Angus Booth is a defensive blueliner who uses his fitness and mobility to defend during the transition and will attack at the boards and at the net when needed. He can make a breakout pass while his team flies over the defensive zone and develop play on the ice, but he’s not going to play a decisive role on offense.
Finnish defender Otto Sahlin has missed the season several times due to injury, but he is one of the most offensive defenders in his class. He likes to make concessions to the attacker when he goes up the wall or crosses traffic in the offensive zone. Had he played a full season, he might not have been in the game for that long, so the value of getting a player with Salina’s edge in round five is a pretty nice snag.
The Kings are strong in almost every position, making them the envy of the league. One of their greatest strengths lies in the middle. The central position is incredibly deep thanks to Byfield, Turcott and Helenius. Then there is Pinelli, who would be the best young center in many organizations. Hughes is a promising center who has looked good at the NCAA level as well. Tyler Madden and Akil Thomas can both play center. but will probably be pushed to the wing due to the depth in the middle. If just a few of those names become something at the NHL level, it will be a win.
Despite all the talent, the team seems to be lacking a reliable starter or a class A prospect. Lukas Parik has shown solid results at the ECHL level, but has struggled a bit at the AHL level. Juho Markkenen looked great in Switzerland last year and will move to DEL next season. The Kings’ goaltending roster isn’t as high-profile and deep as the rest of the players, but they do have options.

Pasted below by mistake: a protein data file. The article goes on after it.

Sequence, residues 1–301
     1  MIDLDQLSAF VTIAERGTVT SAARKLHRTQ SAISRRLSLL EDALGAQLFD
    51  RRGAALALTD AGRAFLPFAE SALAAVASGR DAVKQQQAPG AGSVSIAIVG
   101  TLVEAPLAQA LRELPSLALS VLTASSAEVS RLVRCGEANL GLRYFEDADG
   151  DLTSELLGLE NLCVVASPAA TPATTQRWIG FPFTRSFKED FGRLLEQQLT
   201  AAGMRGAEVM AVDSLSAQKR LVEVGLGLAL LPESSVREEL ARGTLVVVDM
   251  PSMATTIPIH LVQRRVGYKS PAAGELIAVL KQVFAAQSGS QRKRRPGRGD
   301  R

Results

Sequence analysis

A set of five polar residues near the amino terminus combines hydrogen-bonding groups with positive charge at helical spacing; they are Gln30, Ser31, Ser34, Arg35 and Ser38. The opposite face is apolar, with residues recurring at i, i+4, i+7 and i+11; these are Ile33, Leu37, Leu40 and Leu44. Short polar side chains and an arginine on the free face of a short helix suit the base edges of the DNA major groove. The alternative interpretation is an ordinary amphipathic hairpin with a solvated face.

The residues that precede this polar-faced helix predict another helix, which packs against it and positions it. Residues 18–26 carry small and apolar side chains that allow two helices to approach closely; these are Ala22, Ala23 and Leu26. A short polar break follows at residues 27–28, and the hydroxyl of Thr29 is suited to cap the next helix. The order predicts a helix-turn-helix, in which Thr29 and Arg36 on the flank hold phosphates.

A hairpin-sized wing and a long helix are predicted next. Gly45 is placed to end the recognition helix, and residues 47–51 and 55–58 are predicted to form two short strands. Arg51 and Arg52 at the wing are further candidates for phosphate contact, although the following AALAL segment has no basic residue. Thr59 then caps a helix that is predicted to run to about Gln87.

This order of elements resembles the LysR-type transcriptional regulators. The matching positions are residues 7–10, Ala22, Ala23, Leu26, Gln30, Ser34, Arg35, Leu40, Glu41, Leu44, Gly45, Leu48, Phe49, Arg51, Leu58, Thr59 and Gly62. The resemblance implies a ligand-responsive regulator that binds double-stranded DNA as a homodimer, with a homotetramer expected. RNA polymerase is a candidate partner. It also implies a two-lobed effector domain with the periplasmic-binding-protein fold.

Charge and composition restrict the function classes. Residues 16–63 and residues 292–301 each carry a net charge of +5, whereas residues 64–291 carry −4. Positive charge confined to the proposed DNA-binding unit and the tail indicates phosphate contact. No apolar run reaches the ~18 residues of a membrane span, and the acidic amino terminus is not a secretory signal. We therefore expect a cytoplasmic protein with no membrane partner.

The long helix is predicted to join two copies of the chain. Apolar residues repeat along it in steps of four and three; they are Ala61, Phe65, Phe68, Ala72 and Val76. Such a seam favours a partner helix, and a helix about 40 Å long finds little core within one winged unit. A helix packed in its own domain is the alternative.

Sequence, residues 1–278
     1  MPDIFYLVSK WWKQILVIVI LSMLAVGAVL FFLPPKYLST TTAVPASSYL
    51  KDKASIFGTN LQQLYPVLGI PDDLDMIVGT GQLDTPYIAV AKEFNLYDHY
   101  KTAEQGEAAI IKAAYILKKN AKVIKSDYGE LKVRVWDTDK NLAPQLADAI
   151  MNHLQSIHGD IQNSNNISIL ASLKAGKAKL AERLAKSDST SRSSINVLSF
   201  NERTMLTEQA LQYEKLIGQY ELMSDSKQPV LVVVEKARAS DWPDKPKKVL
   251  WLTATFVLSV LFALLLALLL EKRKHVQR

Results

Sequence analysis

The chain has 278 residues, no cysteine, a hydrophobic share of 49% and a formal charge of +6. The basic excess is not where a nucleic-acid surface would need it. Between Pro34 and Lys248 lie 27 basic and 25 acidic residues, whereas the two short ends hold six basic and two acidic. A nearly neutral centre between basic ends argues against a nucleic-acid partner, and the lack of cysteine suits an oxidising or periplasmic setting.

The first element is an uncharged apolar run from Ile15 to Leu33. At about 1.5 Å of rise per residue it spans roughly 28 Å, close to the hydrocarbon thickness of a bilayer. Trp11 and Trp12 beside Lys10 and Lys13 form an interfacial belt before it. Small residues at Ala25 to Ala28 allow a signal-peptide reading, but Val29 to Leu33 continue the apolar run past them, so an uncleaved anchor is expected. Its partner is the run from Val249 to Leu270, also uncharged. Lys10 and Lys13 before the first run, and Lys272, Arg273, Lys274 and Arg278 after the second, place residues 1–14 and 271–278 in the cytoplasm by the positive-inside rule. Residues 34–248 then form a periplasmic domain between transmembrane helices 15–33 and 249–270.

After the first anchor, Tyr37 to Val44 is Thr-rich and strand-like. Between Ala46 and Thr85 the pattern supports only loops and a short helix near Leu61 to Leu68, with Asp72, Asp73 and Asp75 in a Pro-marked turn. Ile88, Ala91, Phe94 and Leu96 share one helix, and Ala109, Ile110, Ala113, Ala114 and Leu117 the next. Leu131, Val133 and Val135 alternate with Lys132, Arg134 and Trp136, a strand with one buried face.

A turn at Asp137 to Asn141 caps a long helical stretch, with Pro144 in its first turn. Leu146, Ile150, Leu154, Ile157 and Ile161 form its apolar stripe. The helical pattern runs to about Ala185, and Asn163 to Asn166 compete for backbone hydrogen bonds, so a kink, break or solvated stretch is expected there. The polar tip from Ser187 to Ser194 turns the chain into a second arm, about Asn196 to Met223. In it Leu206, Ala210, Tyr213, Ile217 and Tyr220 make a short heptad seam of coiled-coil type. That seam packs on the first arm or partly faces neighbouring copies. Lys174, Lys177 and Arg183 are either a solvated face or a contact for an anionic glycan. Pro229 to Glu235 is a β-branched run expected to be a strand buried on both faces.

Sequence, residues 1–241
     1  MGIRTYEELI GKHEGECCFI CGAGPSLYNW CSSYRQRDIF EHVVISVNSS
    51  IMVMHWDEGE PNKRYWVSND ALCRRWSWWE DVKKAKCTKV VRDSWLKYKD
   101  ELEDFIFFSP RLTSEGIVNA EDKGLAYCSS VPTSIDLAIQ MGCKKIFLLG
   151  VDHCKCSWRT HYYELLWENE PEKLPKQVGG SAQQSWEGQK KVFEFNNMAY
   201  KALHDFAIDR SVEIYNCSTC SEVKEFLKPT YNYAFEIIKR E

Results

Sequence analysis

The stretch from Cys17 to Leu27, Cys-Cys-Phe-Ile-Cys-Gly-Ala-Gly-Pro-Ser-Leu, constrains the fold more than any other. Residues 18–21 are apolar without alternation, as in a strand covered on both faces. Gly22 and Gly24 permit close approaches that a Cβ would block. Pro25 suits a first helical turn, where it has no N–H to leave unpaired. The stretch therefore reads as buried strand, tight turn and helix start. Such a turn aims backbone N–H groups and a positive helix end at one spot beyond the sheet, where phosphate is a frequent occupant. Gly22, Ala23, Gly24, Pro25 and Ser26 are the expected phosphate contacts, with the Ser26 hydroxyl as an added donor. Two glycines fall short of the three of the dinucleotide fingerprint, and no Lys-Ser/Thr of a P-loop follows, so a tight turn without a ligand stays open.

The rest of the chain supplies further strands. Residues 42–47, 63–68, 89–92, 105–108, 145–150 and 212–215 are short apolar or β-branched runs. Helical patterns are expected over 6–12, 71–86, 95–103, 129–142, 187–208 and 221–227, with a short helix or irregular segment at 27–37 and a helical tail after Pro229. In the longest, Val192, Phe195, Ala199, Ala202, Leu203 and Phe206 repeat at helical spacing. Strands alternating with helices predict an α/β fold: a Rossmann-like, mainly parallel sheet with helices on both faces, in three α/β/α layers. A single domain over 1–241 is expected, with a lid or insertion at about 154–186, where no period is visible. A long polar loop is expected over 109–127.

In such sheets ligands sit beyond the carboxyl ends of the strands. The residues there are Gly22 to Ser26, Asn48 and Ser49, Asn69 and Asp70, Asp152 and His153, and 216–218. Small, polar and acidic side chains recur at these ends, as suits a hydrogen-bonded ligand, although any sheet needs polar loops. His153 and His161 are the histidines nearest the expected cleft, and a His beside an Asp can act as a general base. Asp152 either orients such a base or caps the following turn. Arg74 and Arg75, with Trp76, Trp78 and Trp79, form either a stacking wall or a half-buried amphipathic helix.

Next player: C Alex Turcott/W Samuel Fagemo/D Jacob Moverare
It’s hard to determine who will be the next Kings player. They have so many young players in their squad before the start of the season. Byfield, Kupari, Kaliev, Bjornfot, Vilardi and Durzi are likely to be on the list for the premiere. They also have some solid NHL players filling out their roster. The Kings’ next player won’t necessarily be a prospect vying for the spot, rather it could be someone who comes in to replace an injury and then never lets go.
Turcott is only 21 years old, but he seems to be approaching the point where the Kings would like him to start asserting his place in the organization. A smart center who plays a two-way game, Turcott has struggled with injuries and illnesses for the past couple of years, but each of the last two years has looked solid in the AHL. All he needs is an extended look? Fagemo performed at the AHL level, scoring 27 goals last year, and have looked more comfortable playing in North America. He could be a viable option to call if the Kings need a scorer. Moverare plays inside himself and understands that he does not need to complicate anything. He’s a safe, ready-to-go defender and can fill in if the Kings need a blueliner.
Prospectus Depth Chart Notes
Left row: Samuel Fagemo, Martin Chromiak, Tyler Madden
C: Alex Turcott, Samuel Helenius, Francesco Pinelli, Aidan Dudas, Jack Hughes
Right winger: Akil Thomas, Kasper Simontaival, Alex Laferrier
LD: Kim Nusiainen, Kirill Kirsanov, Angus Booth, Jacob Moverar
RD: Brandt Clark, Helge Grans, Jordan Spence, Otto Salin
G: Lukas Parik, Juho Markkanen, Jacob Ingham